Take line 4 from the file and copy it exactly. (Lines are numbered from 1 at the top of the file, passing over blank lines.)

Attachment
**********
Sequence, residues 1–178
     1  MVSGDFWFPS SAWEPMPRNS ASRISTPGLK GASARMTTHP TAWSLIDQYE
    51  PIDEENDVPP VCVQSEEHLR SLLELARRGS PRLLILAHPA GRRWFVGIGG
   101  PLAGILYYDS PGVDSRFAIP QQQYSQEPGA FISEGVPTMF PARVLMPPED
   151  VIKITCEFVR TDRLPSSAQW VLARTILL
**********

   101  PLAGILYYDS PGVDSRFAIP QQQYSQEPGA FISEGVPTMF PARVLMPPED